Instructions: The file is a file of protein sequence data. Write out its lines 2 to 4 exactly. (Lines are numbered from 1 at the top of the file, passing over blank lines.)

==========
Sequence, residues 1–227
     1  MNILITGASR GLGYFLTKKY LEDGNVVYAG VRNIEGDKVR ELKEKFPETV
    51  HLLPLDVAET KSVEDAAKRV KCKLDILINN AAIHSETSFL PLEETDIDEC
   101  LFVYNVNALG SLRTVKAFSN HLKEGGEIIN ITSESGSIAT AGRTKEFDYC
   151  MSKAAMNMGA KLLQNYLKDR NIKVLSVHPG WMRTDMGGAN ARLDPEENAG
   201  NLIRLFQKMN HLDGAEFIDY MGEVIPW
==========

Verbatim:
     1  MNILITGASR GLGYFLTKKY LEDGNVVYAG VRNIEGDKVR ELKEKFPETV
    51  HLLPLDVAET KSVEDAAKRV KCKLDILINN AAIHSETSFL PLEETDIDEC
   101  LFVYNVNALG SLRTVKAFSN HLKEGGEIIN ITSESGSIAT AGRTKEFDYC